December 2015

In osmosis-like fashion, the IoT (Internet of Things), M2M, and smart-city movement have become so excitedly discussed in recent years that it has seeped from the tech labs, industry journals, and big tech boardrooms to where it’s impact is probably most hotly anticipated at the kitchen table, the staff canteen, and our public spaces.

The decades of IoT promise have been realized throughout the last 18 months, with proven smart city systems now in the public realm, materializing what were once science fiction-esque predictions of how smart sensors and even smarter platforms would transform our lives both personally and professionally.

In a short space of time, IoT solutions have become part of the furniture in many first and second world cities across the globe. Parking spots, traffic lights, the air around us, and even people themselves are now being monitored with sensors of different sizes and functions to create highly intelligent systems that facilitate a better way of living.

To summarize the concept: The Internet of Things has unmistakably arrived.

The goal of IoT has always been to add a layer of connectivity over “things,” enabling them to come alive by sending and/or receiving data or commands, thus connecting the unconnected. But we should look beyond the classic examples of IoT such as parking space sensors, because as declared with the very earliest conversations about IoT, the possibilities are limitless.

Take for example, something you probably don’t consider much—clothing donation bins! Found on almost every street corner, parking lot, or gas station, clothing donation bins have become a very effective way of:
1) Charitable organizations raising funding for programs or to provide aid.
2) Recycling, which diverts reusable clothing from landfills.

There’s nothing particularly special about a clothing donation bin. It’s sturdy, it opens and closes easily, and it protects donated clothing until a scheduled collection occurs. Nice job clothing bin.

But, we are now in the IoT age where an unconnected “thing,” like a clothing bin, is technologically unfulfilled. So how do you bring the simple bin to life? Irish IoT company, SmartBin, has the answer.

SmartBin provide an intelligent monitoring solution to dozens of charitable organizations such as Goodwill Industries, Big Brothers Big Sisters, and the Salvation Army, by deploying small wireless fill-level sensors to their clients’ donation bins. The smart sensors then report the bins fill-level, GPS (global positioning system) location, temperature, and much more to the SmartBin Live Web portal via cellular networks. Charities simply log on to SmartBin Live and send collection routes to their drivers that include only the clothing bins that are full of donated clothing and ready for collection from the drivers.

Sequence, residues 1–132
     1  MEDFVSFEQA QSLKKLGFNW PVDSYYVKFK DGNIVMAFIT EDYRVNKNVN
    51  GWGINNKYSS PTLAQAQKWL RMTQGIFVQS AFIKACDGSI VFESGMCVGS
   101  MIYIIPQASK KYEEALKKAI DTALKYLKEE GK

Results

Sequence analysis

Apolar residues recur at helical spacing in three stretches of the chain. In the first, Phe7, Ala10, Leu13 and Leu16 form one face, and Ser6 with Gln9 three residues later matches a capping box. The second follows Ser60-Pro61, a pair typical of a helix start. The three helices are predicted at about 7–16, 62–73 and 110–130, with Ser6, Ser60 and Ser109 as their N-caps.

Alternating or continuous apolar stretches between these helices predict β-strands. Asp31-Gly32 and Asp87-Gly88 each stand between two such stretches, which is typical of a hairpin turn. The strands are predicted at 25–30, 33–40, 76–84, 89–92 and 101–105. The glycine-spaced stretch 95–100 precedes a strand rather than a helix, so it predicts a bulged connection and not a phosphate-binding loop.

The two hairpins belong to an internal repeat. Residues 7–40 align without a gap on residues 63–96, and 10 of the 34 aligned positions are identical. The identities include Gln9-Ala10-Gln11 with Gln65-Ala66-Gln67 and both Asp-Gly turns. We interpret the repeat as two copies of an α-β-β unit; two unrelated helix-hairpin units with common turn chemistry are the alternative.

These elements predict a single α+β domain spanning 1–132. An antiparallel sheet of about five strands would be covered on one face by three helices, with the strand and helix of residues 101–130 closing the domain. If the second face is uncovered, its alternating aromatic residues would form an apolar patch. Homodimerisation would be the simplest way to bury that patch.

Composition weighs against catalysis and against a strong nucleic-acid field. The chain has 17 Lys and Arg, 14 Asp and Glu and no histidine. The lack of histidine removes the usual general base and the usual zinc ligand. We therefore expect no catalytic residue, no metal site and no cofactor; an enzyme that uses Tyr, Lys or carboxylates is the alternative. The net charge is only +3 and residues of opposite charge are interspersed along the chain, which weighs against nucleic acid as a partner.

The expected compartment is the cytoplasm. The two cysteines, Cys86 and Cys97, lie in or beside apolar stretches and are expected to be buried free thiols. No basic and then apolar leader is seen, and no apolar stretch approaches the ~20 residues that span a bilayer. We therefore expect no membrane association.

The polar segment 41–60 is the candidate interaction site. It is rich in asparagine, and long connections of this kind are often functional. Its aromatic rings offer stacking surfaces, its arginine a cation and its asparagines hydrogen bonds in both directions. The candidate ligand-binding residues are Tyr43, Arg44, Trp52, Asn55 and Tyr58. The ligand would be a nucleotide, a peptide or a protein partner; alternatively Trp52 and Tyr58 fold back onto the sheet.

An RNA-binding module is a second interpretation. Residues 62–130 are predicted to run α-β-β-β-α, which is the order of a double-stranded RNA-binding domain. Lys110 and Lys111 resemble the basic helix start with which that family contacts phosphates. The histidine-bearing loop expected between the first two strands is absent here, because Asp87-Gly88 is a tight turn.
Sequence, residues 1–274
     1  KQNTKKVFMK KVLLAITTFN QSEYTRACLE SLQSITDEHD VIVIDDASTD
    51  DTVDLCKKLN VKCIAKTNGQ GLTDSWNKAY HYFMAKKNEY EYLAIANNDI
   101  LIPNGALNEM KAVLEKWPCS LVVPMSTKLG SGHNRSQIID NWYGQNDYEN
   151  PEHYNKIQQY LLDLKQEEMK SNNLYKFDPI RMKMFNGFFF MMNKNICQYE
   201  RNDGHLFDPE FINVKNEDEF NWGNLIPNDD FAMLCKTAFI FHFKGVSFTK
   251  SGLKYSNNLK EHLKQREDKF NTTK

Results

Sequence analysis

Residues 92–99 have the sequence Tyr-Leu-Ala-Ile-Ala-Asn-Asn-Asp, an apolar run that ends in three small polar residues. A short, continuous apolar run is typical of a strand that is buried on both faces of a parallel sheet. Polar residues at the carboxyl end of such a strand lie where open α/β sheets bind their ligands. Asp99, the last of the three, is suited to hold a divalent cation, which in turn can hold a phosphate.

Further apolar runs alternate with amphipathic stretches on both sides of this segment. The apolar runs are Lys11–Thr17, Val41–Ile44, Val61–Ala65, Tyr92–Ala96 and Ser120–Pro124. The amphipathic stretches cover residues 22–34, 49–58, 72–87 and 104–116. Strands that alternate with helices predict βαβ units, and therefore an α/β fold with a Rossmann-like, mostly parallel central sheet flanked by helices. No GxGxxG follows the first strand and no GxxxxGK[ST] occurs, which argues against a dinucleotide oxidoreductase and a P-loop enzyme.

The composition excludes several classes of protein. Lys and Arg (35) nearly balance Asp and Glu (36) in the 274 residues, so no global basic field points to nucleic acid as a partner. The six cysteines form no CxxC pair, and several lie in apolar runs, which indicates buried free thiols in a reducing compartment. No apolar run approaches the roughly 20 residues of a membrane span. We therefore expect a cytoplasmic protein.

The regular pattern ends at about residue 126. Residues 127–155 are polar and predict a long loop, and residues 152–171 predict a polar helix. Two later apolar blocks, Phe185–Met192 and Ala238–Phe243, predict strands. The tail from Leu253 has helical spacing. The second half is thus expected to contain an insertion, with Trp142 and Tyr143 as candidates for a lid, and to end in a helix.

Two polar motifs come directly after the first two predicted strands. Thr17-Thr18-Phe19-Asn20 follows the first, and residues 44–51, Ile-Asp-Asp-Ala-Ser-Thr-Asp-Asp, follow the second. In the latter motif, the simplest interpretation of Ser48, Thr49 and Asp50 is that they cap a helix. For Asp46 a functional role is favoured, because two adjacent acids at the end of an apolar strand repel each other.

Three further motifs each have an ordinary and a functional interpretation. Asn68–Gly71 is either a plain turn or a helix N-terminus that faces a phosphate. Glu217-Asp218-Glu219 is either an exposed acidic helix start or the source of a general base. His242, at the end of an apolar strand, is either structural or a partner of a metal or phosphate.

By deploying this simple yet ingenious technology solution, charity orgnizations can now save on fuel usage, driver hours, and even unnecessary investments such as truck purchases or rentals. Optimized collections return vastly increased donation volumes per mile driven.

But it doesn’t stop there. The SmartBin Live platform actually calculates how much a route will cost to collect and the value of material to be collected before the charity dispatches a truck. The donation bin is the collector’s most valuable asset, generating a constant stream of used clothing.

Surprisingly, this is also a very volatile industry where clothing bins can often be tampered with, have clothing stolen from them, or sometimes be stolen themselves. SmartBin has an answer for this too.

In the peculiarly likely event that clothing has been stolen from a bin, SmartBin alerts its clients immediately with a notification via email and SMS.

If the entire clothing bin has been stolen, SmartBin not only alerts clients following a container tilt alert, but can track the location of the stolen container via GPS monitoring, greatly increasing the likelihood of its recovery.

SmartBin’s asset protection features are perhaps appreciated most by the Loss Prevention Managers that many charities employ. Considering the high cost of each clothing bin, SmartBin has proven to be a no-brainer for charities across the world.

So there we are. Thanks to a positively disruptive solution like SmartBin, what was a humdrum industry has become completely revolutionized by the availability of unprecedented business intelligence. Increased funding, decreased spending, and asset protection in an instant—this is IoT in its purest form.

It’s the essence of the entire movement—leveraging technology to remove the inefficiencies we didn’t necessarily know we even had.

And this further strengthens the claim that IoT solutions are a force for good that will leave no industry untouched.

In what seems like the blink of an eye, we have gone from IoT concept to IoT commercialization. And the most exciting part—this Io-Thing has just gotten started.


Brendan Walsh, CEO, SmartBin

[button link="https://connectedworld.com/subscribe-connected-world/" color="default" size="small" target="_self" title="" gradient_colors="," gradient_hover_colors="," border_width="1px" border_color="" text_color="" shadow="yes" animation_type="0" animation_direction="down" animation_speed="0.1"]Subscribe Now[/button]

Gain access to Connected World magazine departments, features, and this month’s cover story!